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A Near Miss and a Total Loss: Lessons from 2021 in Data Center Resiliency

In the past few months, we’ve seen two disasters jeopardize the stability of data centers to very different outcomes. The February ice storm in Texas and the March 10 fire at OVHcloud’s facilities in Strasbourg are unrelated and unprecedented events that caused operational disruptions whose effects extended beyond their regional borders.

For many of us in the data center and enterprise IT industries, this has been a wakeup call and a stark reminder of the importance of not just having a disaster recovery plan. Having a robust plan that will meet your business requirements when a real disaster strikes is just the first step, though. You must also regularly test it.  A disaster recovery plan without regular testing and updates as your business evolves is the same as not having a disaster recovery plan at all. It's just that simple.

How an ice storm in Texas highlighted the importance of geographic diversity

In mid-February, Texas saw an unusual cold snap turn into a devastating ice storm that took out critical utilities across the state. The initial storm hit on February 13, 2021, but the damage and repairs are ongoing. Widespread power outages and shutdowns of water services could have easily spelled disaster for the state’s data centers. As bad as the storm was and as tenuous things got, however, most data centers made it out okay.

How? While some data centers were getting close to running out of fuel when power was restored, many shared with competitors to maintain uptime and avert disaster. For everyone who relies on Texas-based data center facilities to serve their applications, data, content, and customers, it was an eye-opener.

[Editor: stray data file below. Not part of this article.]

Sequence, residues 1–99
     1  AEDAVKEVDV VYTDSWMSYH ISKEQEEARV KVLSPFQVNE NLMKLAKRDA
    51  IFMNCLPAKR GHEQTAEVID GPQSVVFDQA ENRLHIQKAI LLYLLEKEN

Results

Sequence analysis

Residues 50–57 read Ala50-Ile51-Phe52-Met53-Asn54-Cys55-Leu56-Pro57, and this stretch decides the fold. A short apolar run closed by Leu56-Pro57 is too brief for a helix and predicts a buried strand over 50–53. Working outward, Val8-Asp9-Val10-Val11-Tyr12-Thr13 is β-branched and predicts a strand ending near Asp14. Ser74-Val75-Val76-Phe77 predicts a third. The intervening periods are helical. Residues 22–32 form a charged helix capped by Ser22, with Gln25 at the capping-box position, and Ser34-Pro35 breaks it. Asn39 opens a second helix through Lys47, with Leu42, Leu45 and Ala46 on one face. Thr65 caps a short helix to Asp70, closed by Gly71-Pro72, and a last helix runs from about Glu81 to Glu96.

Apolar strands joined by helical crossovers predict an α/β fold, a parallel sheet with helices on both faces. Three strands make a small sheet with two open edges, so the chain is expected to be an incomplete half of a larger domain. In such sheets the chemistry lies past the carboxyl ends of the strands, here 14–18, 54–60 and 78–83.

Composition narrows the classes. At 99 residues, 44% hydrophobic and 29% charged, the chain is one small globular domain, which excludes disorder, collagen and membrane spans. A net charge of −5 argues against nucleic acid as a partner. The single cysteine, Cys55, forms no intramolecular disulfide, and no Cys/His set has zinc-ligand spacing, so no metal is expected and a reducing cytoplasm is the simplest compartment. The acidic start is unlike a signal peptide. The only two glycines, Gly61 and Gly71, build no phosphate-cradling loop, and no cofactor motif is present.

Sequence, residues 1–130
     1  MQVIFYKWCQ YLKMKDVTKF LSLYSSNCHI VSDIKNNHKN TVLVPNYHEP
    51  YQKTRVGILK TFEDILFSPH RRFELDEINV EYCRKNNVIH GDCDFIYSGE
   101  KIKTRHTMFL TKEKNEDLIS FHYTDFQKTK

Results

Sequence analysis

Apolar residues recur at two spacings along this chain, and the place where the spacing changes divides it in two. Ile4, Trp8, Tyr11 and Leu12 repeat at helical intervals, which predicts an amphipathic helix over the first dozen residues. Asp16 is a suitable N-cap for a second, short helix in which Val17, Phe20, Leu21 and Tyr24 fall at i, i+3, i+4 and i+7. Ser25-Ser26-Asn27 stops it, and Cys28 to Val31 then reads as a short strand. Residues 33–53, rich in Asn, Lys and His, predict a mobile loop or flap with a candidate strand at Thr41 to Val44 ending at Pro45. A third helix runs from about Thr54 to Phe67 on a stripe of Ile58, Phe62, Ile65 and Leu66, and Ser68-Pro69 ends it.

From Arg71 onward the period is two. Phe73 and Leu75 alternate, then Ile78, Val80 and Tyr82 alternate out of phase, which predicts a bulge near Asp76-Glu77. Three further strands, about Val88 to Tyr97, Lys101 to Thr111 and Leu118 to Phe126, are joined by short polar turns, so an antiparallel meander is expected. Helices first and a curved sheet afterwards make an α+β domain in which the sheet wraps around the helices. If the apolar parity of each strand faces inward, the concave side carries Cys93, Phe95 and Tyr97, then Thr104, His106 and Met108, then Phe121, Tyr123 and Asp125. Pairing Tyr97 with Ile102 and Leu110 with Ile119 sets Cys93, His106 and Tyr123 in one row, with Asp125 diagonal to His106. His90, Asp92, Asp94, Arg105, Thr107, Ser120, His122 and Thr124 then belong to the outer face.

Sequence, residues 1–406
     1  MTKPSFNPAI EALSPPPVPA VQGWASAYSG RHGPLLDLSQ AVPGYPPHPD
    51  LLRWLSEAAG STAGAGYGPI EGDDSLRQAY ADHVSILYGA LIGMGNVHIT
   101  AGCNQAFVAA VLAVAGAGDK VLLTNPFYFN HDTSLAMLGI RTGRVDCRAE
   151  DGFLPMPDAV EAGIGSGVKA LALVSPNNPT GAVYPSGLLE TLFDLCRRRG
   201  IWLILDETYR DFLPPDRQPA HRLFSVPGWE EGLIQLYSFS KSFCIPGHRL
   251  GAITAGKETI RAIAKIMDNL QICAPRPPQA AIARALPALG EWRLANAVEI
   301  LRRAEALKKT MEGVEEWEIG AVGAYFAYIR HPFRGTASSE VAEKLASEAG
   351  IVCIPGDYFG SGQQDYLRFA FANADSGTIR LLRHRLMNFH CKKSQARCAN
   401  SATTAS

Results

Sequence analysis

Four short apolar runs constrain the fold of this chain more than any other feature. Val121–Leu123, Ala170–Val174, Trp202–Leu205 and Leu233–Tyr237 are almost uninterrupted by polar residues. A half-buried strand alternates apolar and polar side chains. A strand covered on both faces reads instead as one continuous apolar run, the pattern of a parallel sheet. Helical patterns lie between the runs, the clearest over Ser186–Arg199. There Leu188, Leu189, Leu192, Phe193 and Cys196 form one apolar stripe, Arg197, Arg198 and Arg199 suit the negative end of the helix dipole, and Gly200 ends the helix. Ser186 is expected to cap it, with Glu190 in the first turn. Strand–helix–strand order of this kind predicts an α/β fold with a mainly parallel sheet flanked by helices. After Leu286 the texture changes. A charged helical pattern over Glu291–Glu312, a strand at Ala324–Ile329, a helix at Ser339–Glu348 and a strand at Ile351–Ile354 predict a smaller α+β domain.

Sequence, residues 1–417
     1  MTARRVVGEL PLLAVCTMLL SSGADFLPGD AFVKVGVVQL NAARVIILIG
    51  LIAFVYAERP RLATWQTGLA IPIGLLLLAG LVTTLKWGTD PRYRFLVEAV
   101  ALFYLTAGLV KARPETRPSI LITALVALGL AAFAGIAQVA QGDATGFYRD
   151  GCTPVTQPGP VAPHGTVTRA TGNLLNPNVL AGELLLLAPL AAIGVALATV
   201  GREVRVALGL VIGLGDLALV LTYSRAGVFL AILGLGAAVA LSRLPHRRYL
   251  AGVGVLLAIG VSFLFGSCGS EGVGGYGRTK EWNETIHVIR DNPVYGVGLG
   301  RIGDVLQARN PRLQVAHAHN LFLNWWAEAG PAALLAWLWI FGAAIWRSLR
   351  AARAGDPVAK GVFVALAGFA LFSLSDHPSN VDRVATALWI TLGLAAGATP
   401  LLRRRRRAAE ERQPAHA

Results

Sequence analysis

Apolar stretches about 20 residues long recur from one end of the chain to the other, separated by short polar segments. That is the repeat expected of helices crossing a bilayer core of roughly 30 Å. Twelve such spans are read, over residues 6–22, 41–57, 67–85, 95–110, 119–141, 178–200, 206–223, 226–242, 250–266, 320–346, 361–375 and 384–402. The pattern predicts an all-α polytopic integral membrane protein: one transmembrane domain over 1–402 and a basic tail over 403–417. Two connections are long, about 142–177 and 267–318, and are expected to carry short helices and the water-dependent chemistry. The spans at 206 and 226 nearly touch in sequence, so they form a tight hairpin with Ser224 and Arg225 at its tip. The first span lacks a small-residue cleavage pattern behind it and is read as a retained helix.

There’s been wide speculation that the massive Texas power outage could've been mitigated if the state had invested more aggressively in winterizing critical infrastructure, if the power grid was more evenly distributed across the state and if known and trusted disaster protocols were available. This is a common concern facing the data center industry: it's crucial to have comprehensive processes for environmental challenges as well as geographical diversity in the distribution of the data centers you rely on, lest a regional storm takes your entire IT infrastructure down in a matter of seconds.

What the OVH fire teaches us about DR planning

Nearly one month after the storm hit Texas, on March 10, 2021, a fire engulfed OVHcloud's SBG2 data center in Strasbourg. The rapid destruction of entire buildings at a center run by a trusted data center provider surprised industry professionals around the world, as did the response we saw from their leadership in real time on Twitter.

The service provider's founder Octave Klaba tweeted frankly about the extent of the damage, writing, "We recommend [you] activate your Disaster Recovery Plan."

Too many clients found that their DR plans did not take into account the possibility that a fire could take down multiple buildings at the same facility. Many of those whose DR plan was based on a copy of their data located on a different server on the same campus found themselves without backups.